Even caregivers are human, and sometimes they need respite to ward off exhaustion, isolation, and that overwhelming feeling caused by immense responsibilities.
It’s also important to keep in mind that caregivers who work too hard without a break can suffer other adverse affects, such as increased blood pressure and stress levels, or get to the breaking point and do something to harm the loved one in their care.
Several types of respite care
There are various types of respite available to caregivers. One of the simplest options is the Five-Minute Respite advocated by Brenda Avadian, MA. The Executive Director of The Caregiver’s Voice, Avadian founded the organization in 1998 while caring for her father who lived with Alzheimer’s.
She encourages caregivers to give themselves the realistic respite of five minutes by walking away into another room or, if possible, outside for a breath of fresh air when tempers flare and frustrations rise.
While Avadian jokes about the alternative, a “state-mandated vacation” when the caregiver loses control with the care recipient, she makes an important point about caregiving: it is not easy and caregivers deserve a break, a respite.
Plan ahead to give yourself a break
Access to Respite Care and Help (ARCH) advocates for respite that is combined with other services and assistance because it will be most effective for caregivers and care recipients alike. Additionally, respite services are most beneficial if you consider them before you think you will need them, so that you use them before you get too exhausted or overwhelmed.
By planning ahead, you will have more meaningful and purposeful respite time and be able to provide safe and enjoyable care for the care receiver.
Respite has positive impacts
A review in Health Evidence reports that evidence exists from various studies that respite for caregivers of frail, elderly people has positive effects upon caregivers in terms of burden and mental or physical health.
Overall, caregivers were satisfied with respite care. And, it’s important to note that day care was reported as being at least as costly as usual care.
Adult day care centers, also known as adult day services, have been providing respite for caregivers for decades. These services have been expanding in recent years as demand has increased and also as various funding sources have become available.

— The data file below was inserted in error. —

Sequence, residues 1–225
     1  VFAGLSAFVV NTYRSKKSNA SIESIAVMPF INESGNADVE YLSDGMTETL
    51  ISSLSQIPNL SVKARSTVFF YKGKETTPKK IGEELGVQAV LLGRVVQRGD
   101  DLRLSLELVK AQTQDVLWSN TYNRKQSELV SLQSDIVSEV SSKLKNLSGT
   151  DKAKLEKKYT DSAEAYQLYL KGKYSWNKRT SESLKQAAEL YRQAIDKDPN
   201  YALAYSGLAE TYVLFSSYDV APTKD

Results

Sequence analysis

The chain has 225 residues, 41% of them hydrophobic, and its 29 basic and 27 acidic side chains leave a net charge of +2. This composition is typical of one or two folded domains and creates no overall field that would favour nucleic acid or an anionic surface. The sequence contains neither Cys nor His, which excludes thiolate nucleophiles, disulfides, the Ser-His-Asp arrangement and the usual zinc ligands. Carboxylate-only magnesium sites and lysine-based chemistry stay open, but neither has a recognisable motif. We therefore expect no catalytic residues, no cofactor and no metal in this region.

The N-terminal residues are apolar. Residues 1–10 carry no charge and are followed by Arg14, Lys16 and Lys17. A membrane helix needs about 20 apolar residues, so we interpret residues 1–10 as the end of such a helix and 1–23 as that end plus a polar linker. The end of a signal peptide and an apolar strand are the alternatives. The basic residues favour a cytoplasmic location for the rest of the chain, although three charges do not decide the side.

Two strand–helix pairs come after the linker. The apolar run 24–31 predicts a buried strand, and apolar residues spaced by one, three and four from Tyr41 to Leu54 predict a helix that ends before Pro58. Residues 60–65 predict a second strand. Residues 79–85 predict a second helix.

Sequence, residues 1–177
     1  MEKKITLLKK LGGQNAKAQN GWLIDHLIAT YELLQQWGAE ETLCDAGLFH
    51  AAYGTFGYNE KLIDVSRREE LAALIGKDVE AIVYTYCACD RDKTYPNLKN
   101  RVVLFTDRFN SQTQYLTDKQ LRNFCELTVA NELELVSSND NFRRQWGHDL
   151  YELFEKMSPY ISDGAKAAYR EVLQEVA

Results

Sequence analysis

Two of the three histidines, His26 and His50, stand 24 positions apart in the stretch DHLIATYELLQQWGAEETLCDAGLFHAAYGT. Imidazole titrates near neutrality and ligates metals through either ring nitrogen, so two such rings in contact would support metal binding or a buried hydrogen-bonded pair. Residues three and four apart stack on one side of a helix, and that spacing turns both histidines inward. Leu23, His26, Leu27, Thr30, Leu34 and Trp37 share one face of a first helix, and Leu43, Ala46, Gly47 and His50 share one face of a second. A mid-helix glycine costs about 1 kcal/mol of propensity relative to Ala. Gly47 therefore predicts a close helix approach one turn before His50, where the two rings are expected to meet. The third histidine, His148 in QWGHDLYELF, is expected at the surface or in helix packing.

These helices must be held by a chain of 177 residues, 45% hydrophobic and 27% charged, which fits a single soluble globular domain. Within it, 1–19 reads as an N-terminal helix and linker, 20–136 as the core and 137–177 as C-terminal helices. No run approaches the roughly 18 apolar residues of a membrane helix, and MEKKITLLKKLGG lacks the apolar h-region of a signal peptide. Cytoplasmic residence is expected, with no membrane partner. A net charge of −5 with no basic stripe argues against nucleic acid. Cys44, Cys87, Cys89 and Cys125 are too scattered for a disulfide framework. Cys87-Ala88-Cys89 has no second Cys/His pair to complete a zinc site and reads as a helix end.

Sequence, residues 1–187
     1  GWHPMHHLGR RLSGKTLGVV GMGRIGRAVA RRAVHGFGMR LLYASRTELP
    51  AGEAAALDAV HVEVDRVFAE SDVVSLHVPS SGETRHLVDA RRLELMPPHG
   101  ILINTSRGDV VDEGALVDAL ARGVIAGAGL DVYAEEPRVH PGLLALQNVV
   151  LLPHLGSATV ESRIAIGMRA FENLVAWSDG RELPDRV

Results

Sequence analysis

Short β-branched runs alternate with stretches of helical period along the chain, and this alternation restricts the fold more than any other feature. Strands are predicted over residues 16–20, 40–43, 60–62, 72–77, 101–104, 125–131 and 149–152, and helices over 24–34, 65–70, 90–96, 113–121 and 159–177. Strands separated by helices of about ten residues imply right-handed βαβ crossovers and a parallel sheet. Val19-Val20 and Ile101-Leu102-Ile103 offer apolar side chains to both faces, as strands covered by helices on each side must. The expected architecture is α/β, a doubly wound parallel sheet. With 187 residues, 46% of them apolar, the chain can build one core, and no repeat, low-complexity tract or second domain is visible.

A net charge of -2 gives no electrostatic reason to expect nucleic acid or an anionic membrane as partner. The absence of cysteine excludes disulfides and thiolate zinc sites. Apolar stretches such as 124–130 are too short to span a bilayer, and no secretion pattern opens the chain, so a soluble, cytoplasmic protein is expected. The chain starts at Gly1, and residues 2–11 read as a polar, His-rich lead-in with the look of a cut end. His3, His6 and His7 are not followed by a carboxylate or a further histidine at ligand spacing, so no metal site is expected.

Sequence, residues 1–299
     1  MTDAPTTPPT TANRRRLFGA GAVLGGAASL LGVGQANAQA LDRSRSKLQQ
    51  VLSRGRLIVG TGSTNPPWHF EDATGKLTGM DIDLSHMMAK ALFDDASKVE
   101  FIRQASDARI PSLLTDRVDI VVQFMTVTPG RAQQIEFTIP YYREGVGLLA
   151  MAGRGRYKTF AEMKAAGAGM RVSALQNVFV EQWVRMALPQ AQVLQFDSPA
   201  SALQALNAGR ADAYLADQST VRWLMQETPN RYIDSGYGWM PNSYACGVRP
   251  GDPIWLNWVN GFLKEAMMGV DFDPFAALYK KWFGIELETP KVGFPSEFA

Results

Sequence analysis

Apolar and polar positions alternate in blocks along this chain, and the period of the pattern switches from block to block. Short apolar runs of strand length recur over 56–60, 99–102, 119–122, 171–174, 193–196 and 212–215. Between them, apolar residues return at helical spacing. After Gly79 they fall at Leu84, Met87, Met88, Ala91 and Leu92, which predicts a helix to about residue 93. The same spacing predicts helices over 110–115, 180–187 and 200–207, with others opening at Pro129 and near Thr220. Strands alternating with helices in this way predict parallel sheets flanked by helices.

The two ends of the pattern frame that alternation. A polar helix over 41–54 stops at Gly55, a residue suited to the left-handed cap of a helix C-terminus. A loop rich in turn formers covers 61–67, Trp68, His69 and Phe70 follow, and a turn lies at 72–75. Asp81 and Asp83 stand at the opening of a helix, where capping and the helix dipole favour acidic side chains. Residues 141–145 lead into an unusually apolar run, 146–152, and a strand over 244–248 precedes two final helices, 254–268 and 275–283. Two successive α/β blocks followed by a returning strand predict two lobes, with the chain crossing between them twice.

Adult day care centers also provide health services, therapeutic services, and social activities for people with Alzheimer’s disease, dementia, chronic illness, traumatic brain injuries, developmental disabilities, and other challenges that increase care needs.
Generally, care recipients attend the program for several hours a day, up to five days a week. Most do not offer weekend services, but some may offer half-day or part-time services on Saturdays.
Choosing an Adult Day Care provider
ARCH also offers guidelines for choosing an adult day care center. Quality adult day care programs should …
- Conduct an individual needs assessment before admission to determine the person’s range of abilities and needs
- Provide an active program that meets the daily social, recreational, and rehabilitative needs of the person in care
- Develop an individualized treatment plan for participants and monitor it regularly, adjusting the plan as necessary
- Provide referrals to other needed community services
- Have clear criteria for service and guidelines for termination based on the functional status of the person in care
- Provide a full range of in-house services, which may include personal care, transportation, meals, health screening and monitoring, educational programs, counseling, and rehabilitative services
- Provide a safe, secure environment
- Use qualified and well-trained volunteers
- Adhere to or exceed state and national standards and guidelines
- ARCH’s The ABCs of Respite, A Consumer Guide for Family Caregivers
- State Lifespan Respite Programs
- ARCH National Respite Locator
- State Respite Coalitions
- State Aging and Disability Resource Center
- Eldercare Locator Service
- Family Caregiver Alliance’s Family Care Navigator
- VA Caregiver Support Home